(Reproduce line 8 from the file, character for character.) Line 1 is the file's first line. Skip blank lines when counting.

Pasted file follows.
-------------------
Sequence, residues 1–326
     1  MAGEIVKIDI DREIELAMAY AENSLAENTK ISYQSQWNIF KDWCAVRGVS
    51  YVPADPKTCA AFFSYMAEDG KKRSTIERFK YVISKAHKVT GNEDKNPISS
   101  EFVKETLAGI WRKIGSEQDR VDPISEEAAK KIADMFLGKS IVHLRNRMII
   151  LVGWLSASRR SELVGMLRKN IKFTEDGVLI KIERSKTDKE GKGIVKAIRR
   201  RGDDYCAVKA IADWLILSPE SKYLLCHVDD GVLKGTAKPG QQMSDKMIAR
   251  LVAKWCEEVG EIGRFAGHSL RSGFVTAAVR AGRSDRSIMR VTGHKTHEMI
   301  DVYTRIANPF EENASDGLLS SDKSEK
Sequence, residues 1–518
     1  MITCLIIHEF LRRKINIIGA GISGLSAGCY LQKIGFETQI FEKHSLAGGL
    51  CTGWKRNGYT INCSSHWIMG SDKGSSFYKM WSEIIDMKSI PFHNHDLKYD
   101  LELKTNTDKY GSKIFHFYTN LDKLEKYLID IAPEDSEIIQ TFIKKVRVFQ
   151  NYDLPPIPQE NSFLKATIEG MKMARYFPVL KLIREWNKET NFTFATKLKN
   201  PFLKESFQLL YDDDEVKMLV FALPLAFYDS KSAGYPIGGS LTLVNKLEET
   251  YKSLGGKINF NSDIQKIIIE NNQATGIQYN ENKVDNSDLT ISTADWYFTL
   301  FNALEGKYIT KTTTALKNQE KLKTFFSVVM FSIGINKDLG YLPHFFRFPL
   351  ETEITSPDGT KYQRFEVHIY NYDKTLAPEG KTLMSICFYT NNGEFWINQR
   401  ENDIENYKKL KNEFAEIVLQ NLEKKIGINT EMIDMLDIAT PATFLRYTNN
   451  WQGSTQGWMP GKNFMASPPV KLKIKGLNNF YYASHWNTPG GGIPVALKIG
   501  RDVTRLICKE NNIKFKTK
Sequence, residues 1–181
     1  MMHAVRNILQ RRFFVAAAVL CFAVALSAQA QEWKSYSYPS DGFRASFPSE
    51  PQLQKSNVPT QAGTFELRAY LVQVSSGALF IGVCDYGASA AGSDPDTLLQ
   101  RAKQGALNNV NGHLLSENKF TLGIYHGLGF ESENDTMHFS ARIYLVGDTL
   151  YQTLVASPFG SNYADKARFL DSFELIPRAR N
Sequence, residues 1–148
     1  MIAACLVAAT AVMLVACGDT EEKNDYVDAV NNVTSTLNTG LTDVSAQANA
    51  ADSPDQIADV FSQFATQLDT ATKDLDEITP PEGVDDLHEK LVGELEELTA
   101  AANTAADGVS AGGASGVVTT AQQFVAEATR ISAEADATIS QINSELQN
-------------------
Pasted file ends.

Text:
   301  DVYTRIANPF EENASDGLLS SDKSEK